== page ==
The Office of the Independent Police Review Director (OIPRD) released its systemic review report on the relationship between the Thunder Bay Police Service (TBPS) and Indigenous communities, finding significant deficiencies in sudden death investigations involving Indigenous people that are due, in part, to racial stereotyping.

The report also addresses systemic racism within the service more generally, and finds systemic racism exists at an institutional level.

“The serious inadequacies and premature conclusions in TBPS investigations of Indigenous missing persons and sudden deaths have strained what was already a deeply troubled relationship. My recommendations provide tools to help TBPS ensure that its investigations are thorough, effective and non-discriminatory. My recommendations also provide TBPS with a path forward to improve its relationship with Indigenous people.”
— Gerry McNeilly, Independent Police Review Director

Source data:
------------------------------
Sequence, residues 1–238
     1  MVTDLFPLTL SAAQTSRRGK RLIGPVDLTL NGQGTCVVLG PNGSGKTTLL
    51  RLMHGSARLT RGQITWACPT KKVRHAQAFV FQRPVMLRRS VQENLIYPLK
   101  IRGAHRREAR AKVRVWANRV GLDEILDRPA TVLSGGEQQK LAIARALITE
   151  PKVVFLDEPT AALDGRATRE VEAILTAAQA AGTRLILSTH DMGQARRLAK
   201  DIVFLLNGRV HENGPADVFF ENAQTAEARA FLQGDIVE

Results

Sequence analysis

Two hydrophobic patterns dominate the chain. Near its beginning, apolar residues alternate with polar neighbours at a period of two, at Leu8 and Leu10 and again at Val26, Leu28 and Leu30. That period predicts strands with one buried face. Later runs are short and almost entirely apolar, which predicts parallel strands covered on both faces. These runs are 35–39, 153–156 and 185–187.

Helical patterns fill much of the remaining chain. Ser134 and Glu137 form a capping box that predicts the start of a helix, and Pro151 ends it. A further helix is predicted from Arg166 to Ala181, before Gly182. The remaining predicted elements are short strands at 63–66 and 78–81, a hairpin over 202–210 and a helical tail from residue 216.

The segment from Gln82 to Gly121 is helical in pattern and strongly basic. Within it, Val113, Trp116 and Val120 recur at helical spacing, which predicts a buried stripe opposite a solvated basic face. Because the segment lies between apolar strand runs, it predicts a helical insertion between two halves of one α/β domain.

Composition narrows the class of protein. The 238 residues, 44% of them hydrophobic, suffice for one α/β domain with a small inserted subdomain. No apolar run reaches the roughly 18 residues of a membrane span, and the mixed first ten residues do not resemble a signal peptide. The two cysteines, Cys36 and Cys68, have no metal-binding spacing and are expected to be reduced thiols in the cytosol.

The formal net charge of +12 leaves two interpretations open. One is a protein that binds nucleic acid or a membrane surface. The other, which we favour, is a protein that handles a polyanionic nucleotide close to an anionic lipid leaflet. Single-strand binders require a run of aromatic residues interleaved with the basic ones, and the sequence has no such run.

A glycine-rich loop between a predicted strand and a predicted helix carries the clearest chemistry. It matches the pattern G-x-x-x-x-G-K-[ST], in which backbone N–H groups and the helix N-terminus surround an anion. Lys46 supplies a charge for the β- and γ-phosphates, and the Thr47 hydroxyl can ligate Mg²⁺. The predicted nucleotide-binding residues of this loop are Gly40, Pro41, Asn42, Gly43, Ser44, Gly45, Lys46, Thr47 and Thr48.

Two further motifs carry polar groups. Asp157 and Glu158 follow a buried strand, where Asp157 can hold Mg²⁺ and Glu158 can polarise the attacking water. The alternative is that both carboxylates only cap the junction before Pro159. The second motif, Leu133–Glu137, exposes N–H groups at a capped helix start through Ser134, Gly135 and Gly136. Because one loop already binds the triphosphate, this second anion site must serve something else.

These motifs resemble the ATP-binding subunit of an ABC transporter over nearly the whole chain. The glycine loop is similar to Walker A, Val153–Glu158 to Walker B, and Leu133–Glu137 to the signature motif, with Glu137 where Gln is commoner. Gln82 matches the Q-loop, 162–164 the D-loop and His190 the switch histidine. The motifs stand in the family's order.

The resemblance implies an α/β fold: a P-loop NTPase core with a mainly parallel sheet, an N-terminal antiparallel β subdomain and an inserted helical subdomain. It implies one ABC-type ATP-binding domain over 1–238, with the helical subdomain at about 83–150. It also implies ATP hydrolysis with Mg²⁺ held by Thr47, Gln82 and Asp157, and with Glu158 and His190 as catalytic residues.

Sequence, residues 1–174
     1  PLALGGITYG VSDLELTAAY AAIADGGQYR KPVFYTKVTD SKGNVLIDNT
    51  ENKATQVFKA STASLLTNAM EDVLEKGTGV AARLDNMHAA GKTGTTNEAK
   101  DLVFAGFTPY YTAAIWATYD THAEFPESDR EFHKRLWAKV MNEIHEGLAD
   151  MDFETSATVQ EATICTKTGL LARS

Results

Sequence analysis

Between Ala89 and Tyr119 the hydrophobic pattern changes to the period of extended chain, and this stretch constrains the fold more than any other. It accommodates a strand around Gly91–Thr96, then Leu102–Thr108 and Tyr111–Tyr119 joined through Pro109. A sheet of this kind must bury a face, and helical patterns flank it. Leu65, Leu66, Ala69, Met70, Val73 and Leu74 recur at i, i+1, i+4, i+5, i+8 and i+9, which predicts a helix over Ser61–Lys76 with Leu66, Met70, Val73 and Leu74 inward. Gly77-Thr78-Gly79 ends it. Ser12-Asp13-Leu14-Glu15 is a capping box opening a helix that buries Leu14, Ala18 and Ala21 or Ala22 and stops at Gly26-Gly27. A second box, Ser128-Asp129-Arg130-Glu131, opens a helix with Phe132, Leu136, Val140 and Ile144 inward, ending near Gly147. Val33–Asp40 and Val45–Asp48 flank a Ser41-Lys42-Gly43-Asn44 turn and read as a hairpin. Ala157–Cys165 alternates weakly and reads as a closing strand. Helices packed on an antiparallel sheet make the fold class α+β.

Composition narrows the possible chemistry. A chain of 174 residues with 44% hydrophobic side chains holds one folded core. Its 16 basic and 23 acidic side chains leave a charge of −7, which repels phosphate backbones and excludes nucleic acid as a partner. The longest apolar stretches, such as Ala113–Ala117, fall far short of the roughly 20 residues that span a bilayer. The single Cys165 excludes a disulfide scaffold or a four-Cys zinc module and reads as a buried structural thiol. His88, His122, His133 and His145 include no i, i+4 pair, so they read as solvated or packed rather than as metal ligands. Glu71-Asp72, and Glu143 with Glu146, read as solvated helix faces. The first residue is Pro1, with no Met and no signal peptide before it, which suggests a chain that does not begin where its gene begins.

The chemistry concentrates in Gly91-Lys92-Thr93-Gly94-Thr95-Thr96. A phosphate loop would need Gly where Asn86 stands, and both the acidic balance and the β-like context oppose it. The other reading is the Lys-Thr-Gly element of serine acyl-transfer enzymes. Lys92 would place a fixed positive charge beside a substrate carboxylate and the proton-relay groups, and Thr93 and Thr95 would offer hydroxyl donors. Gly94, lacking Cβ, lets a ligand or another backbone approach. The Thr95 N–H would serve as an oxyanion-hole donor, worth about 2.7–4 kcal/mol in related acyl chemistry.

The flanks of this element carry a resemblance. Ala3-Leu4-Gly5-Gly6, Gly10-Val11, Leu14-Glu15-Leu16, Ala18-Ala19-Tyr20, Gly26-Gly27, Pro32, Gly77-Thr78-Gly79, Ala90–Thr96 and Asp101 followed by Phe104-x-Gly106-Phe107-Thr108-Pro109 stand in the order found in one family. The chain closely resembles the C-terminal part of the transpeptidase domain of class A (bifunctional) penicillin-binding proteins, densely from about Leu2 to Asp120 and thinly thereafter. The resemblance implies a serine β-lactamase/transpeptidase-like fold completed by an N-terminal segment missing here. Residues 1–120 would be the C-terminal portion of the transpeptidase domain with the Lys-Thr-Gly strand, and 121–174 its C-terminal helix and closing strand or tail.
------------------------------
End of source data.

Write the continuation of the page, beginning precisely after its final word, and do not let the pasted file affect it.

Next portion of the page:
Broken Trust: Indigenous People and the Thunder Bay Police Service, is the culmination of an extensive review and analysis of 37 TBPS investigations, dozens of interviews with former and current TBPS members, First Nations Police Services, Ontario’s Chief Coroner and Chief Forensic Pathologist, and more than 80 meetings with Indigenous and non-Indigenous community and service organizations, individuals and Indigenous leaders. The report makes 44 recommendations, including:

  • The inadequacy of the TBPS sudden death investigations the OIPRD reviewed was so problematic that at least nine of the cases should be reinvestigated.
  • A multi-discipline team should be established to reinvestigate, at a minimum, the deaths of the nine Indigenous people identified. The team should include representatives from TBPS, a First Nations police service, outside police service(s), the Office of the Chief Coroner and the Office of the Chief Forensic Pathologist. The team should also establish a protocol for determining what additional death investigations should be reinvestigated.